SCHWERTBERG, Austria—Officials for machinery maker Engel Holding GmbH expect final sales numbers for 2018 will see the company surpass 2017 results, but they expect slowing sales in 2019.
Christoph Steger, chief sales officer for the Schwertberg-based company said March 7 that Engel will exceed 2017 results by several percent in 2018, adding, "it will be positive, but we see a significant degree of global weakening, although it varies from one industry to another."
Global statistics show incoming orders for machinery producers significantly below 2018, but that has not been seen in delivery times, which are as long as three to six months depending on machines sizes.
"My personal opinion is that we will settle down at around the 2015 volume—if there are no more bad omens," Steger said. "The present high tensions between the U.S. and China affect sentiment throughout the world, by leading to reluctance to make investments."
Additionally, Steger sees a potential source of further negative impacts to the world economy in the Middle East.
"I am not only speaking about Iran with a Damocles sword hanging above it, more about potential proxy wars that could impact the global economic development," he added.
The United Kingdom's pending exit from the European Union is yet another reason for uncertainty.
"Should one, must one, invest in the U.K.? Or withdraw from the U.K.? It can be compared with individual decisions everyone faces every day: Do I sell my house, buy a new car, or not, while the future is uncertain?"
By comparison, and despite the those uncertainties, the Central European countries of Germany, Austria and Switzerland (DACH) remain as before at a good level.
The U.S. has been doing well in recent years due to investment incentives such as tax reductions.
"But I am not sure how long it will continue," Steger said. "Every incentive has its peak. Anyhow, U.S. converters have to consider if they are really producing efficiently, as the installed machine park is still quite old on average, compared to other world regions."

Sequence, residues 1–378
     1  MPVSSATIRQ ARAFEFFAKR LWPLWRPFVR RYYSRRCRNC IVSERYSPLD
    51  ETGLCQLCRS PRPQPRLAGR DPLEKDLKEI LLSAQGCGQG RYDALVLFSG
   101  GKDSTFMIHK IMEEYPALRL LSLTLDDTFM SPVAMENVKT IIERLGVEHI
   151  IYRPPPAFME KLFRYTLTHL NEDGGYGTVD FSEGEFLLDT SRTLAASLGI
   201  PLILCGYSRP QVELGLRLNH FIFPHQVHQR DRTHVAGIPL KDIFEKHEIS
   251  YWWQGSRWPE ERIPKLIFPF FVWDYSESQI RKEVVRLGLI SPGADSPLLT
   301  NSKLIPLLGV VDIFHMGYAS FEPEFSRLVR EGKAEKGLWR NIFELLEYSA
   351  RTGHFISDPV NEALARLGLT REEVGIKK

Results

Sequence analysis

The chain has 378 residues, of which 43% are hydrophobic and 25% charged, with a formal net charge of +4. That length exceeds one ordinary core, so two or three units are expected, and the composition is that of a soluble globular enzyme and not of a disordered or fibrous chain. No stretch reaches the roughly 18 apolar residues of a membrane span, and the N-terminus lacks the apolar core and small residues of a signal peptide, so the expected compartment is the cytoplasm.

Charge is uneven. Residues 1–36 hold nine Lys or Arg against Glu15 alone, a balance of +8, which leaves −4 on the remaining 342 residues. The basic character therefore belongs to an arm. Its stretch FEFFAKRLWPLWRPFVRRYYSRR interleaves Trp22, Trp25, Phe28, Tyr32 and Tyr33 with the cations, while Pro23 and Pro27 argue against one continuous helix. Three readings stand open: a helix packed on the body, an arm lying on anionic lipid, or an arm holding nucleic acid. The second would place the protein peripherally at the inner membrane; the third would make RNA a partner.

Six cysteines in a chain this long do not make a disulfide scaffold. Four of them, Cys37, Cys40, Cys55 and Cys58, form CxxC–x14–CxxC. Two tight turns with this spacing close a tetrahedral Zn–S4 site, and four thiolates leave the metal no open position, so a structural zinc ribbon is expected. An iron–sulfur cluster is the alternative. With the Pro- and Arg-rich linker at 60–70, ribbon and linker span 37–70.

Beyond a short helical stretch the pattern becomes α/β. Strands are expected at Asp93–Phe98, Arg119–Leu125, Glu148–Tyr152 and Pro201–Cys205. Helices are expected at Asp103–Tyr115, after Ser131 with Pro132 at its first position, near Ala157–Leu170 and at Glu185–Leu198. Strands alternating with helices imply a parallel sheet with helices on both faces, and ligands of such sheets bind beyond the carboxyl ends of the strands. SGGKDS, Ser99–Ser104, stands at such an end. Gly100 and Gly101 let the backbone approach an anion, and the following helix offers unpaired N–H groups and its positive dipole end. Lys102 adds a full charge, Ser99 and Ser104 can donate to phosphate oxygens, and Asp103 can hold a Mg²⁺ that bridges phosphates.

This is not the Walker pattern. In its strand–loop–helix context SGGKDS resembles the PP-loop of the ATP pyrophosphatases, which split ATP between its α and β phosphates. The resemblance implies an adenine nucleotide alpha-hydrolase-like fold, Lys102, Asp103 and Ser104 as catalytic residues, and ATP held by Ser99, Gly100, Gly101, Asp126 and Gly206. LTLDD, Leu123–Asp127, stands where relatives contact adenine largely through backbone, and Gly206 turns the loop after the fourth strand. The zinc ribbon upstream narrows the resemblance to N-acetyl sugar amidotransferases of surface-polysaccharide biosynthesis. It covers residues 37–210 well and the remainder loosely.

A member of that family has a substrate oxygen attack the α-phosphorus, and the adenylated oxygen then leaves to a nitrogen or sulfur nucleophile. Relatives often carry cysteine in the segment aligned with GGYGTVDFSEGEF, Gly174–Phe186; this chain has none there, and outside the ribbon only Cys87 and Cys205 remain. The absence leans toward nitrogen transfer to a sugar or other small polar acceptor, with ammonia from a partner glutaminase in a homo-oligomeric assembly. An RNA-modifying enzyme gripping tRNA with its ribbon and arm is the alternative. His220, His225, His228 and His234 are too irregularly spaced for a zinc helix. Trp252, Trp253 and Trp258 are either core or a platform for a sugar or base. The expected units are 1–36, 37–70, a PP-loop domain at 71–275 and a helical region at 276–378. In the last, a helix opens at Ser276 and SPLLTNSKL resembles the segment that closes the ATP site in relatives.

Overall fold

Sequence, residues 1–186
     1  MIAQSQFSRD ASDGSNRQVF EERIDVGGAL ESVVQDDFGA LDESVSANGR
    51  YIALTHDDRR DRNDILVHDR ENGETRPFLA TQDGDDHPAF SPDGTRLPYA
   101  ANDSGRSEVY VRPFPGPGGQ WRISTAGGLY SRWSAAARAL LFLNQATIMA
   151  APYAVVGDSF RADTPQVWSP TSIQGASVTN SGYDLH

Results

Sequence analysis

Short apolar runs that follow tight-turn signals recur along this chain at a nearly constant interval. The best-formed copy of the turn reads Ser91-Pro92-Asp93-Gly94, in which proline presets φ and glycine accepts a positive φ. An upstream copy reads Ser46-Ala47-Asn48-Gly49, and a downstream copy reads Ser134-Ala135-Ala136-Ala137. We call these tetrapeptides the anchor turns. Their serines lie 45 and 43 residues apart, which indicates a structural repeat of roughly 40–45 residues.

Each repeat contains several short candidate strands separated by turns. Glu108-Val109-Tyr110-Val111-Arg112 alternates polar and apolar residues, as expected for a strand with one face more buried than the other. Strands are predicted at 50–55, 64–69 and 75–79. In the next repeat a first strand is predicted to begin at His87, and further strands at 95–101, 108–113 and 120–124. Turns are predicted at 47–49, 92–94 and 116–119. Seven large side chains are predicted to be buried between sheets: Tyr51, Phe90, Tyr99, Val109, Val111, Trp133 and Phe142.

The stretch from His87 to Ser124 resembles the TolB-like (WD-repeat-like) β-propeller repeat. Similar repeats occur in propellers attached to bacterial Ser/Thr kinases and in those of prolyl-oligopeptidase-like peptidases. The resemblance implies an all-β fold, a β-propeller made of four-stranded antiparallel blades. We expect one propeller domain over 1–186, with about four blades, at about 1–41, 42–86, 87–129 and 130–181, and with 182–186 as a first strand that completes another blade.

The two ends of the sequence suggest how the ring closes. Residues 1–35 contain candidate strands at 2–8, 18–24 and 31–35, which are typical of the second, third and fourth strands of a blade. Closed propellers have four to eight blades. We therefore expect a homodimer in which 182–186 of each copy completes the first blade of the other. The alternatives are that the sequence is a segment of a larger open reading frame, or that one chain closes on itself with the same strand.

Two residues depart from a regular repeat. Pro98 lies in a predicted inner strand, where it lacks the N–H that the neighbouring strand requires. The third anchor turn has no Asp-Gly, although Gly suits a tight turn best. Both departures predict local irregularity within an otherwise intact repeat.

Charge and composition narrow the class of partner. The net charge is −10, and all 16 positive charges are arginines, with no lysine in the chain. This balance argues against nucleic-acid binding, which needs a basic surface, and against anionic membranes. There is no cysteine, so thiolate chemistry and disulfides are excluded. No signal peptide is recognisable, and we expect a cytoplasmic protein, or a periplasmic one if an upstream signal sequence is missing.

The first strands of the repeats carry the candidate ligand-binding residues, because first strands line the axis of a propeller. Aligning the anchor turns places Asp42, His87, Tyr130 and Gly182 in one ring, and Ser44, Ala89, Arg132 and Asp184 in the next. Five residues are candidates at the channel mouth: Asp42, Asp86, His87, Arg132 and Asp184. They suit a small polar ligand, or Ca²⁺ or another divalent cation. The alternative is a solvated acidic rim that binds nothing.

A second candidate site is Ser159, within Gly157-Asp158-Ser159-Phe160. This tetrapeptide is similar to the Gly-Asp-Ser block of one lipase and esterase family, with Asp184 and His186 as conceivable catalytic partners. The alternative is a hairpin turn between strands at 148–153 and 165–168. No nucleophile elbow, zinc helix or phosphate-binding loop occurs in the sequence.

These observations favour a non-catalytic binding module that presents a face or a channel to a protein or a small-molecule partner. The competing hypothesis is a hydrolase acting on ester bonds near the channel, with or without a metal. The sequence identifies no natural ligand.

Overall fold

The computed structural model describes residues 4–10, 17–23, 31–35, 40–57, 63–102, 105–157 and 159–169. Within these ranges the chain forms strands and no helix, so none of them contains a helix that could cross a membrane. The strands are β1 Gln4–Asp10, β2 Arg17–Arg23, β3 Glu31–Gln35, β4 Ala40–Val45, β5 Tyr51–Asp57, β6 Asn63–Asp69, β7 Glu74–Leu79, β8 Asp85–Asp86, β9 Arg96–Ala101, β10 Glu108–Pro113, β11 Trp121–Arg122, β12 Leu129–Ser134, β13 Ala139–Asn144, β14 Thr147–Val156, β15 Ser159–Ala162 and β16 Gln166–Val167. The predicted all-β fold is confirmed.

Industry 4.0, he noted, is a further driver for investments in the U.S., as its features productivity and efficiency increases.
China, as an economic motor for other countries will grow more slowly now, if forecasts for economic growth are correct, according to Steger.
"In this respect, a Chinese entrepreneur is just as cautious as a European one and will think twice before making a new investment at the moment," he said.
On the other hand, the Southeast Asian region can profit from U.S./China trade conflicts, also due to some production being transferred from China.
"Overall, the situation is still more like a cooling flame than a fire," Steger said.
In South America, according to Steger, hopes are high that the new Brazilian president will have positive impact on the region's largest economy.
While development is good in Colombia and Chile, Argentina still seems to be grappling with difficulties
And as regards Venezuela, "it is almost tragic to see that one of the oil-richest countries in the world has not managed to make a turnaround and utilize this resource to develop the economy."
Russia is at a good business level, even with challenges in relationships between the EU and Russia.
"But I believe in Russia and its economy and therefore Engel will continue its strong presence in Russia," Steger said.
"As I said at Fakuma 2018, markets are no longer growing. One thing is certain, double-digit percentage growth is over, but it is not yet the time to talk about a crisis.